Hospitalization for Dog-Bite Related Injuries Has Increased

Advertisement

According to the latest News and Numbers from the Agency for Healthcare Research and Quality (AHRQ), the number of people admitted to the hospital because of dog bites has increased by 86% since 1993.

The statistical brief written for the AHRQ by Anne Elixhauser, PhD and Laurel Holmquist, M.A presents data from the Healthcare Cost and Utilization Project (HCUP) on dog bite-related emergency department (ED) visits and inpatient hospitalizations in 2008. Age, hospital location, and patient residence are explored, as well as the most common principal diagnoses and procedures for dog bite-related hospital stays.

The data spanning 16 years, 1993 to 2008,revealed an increase in dog-bite related hospital stays from 5,100 in 1993 compared to 9,500 in 2008.

Concentrating on the data from 2008, the authors note that of 866 people seen on an average day in the emergency department 26 people were admitted to the hospital for treatment of dog bites.

Those most likely to be hospitalized for a dog bite are seniors and young children. For 65-84 year olds, there were 4.5 hospital stays per 100,000 people, for people age 85 and older, there were 4.2 stays per 100,000 and for children under 5 there were 4 stays per 100,000 in 2008.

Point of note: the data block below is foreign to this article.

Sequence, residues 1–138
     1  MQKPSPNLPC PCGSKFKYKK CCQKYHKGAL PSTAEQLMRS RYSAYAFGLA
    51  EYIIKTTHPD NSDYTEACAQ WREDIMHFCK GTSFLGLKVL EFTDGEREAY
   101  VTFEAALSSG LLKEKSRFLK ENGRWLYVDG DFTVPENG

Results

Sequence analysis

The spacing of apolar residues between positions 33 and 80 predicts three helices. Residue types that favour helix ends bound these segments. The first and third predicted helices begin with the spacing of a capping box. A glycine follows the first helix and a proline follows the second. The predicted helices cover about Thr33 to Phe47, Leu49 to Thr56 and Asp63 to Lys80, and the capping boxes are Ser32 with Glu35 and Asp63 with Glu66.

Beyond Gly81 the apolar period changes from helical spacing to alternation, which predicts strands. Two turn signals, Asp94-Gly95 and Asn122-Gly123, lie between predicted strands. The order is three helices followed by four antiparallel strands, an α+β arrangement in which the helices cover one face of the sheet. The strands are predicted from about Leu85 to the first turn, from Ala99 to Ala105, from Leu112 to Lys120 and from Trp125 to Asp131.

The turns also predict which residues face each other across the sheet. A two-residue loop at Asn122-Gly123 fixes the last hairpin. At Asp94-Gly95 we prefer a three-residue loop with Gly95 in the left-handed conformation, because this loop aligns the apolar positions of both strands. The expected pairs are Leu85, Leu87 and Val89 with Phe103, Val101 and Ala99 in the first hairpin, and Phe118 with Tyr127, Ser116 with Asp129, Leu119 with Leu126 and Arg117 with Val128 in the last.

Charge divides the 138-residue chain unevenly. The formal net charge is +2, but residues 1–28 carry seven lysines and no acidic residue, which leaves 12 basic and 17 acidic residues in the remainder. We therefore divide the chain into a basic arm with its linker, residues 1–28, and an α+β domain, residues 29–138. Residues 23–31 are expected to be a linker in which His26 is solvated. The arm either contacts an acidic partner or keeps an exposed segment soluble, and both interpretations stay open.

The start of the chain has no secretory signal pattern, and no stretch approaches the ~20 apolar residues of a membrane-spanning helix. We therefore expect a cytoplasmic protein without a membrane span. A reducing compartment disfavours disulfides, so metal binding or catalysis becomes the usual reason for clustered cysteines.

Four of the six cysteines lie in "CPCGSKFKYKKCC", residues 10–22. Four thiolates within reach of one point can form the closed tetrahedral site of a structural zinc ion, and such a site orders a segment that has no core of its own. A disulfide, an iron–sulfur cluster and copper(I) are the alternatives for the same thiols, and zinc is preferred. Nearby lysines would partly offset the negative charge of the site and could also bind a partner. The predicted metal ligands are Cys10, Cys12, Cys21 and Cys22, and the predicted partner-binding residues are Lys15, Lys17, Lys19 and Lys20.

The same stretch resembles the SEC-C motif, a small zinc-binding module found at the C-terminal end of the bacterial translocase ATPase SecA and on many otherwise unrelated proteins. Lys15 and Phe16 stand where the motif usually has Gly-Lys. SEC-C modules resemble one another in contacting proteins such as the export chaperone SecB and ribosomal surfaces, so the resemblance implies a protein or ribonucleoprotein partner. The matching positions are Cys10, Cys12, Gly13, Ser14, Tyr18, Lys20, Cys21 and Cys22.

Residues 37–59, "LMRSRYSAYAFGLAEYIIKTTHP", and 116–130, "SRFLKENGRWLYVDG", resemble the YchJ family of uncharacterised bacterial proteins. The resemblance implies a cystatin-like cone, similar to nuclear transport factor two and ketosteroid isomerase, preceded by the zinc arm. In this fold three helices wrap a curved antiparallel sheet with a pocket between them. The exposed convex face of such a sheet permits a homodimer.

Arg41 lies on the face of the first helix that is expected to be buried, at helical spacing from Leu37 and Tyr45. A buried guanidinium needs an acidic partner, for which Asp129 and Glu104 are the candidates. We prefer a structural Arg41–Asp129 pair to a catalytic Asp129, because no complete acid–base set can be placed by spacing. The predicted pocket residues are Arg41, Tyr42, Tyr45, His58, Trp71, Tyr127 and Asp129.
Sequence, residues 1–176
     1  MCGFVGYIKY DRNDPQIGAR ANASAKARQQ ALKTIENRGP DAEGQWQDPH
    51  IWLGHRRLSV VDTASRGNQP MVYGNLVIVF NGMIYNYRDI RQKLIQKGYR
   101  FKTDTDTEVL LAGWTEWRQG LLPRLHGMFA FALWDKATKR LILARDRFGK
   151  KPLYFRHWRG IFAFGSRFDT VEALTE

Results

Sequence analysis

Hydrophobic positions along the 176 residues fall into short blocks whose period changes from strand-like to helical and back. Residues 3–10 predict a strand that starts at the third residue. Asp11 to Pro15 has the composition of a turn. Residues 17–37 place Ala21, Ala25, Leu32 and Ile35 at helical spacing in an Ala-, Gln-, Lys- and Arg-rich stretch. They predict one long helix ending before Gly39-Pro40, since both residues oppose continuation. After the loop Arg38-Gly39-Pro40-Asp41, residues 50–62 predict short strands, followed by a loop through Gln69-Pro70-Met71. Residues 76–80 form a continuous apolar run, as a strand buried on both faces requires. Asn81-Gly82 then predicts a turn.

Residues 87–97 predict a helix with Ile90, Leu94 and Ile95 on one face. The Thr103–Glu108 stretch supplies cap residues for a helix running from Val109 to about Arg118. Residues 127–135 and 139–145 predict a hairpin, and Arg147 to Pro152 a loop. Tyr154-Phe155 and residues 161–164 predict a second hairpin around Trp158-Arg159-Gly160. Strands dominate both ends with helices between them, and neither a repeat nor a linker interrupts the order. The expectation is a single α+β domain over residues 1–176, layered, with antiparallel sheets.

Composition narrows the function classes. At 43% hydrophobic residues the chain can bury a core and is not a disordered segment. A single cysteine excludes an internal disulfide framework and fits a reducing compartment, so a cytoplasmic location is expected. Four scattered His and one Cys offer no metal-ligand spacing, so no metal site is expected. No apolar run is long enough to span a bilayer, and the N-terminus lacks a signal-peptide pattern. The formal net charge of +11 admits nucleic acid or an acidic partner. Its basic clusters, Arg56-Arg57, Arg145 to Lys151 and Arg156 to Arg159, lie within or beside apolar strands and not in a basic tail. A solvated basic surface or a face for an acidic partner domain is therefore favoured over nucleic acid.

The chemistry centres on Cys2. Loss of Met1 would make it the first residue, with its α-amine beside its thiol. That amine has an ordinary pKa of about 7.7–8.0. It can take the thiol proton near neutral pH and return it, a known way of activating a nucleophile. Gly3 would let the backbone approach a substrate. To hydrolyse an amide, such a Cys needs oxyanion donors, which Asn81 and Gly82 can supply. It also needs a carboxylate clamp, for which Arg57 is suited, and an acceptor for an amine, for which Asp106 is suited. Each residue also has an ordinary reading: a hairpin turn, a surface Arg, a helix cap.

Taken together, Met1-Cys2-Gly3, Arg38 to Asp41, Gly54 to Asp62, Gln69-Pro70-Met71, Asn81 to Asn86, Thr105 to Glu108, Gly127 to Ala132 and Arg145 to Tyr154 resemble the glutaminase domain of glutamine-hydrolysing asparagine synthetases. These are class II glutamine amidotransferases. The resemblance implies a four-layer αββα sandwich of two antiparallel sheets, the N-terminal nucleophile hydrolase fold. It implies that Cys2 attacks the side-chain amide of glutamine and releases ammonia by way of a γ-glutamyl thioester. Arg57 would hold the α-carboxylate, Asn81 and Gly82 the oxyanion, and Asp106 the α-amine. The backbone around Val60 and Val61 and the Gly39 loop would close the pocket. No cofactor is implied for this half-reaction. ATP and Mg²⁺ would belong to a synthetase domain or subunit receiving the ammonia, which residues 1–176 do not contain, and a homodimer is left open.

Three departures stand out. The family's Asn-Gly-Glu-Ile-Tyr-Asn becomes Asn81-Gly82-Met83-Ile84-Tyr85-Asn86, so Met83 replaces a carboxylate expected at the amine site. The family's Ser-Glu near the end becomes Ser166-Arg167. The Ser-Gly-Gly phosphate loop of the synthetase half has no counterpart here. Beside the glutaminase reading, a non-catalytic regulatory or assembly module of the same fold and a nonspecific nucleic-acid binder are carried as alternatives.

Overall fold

Advertisement

The 2008 data revealed it matters where you live. It turns out that rural residents are 4 times as likely as urban residents to to be seen in emergency department for dog bites (119 visits per 100,000 people versus 29 visits per 100,000 people). Rural residents also had 3 times as many hospital admissions (nearly 3 stays per 100,000 rural residents versus less than 1 stay per 100,000 urban residents).

About 43 percent of people hospitalized for dog bites required treatment for skin and underlying tissue infection. Most of these occurred on the legs or arms (22%). Wounds of the head, neck, and torso accounted for 10.5%. Other injuries ranged from bone fracture to blood poisoning.

More than half (58%) of all people who were hospitalized required a procedure such as wound debridement, sutures, and skin grafts.

Treating patients admitted for dog bites cost hospitals an average of $18,200 per patient and $54 million overall.

Related stories
Children At Risk of Dog-Bite Injuries
Family Pet Can Transmit MRSA

Source
Agency for Health Research and Quality
Emergency Department Visits and Inpatient Stays involving Dog Bites, 2008; November 2010.

Share this content.

If you liked this article and think it may help your friends, consider sharing or tweeting it to your followers.
Advertisement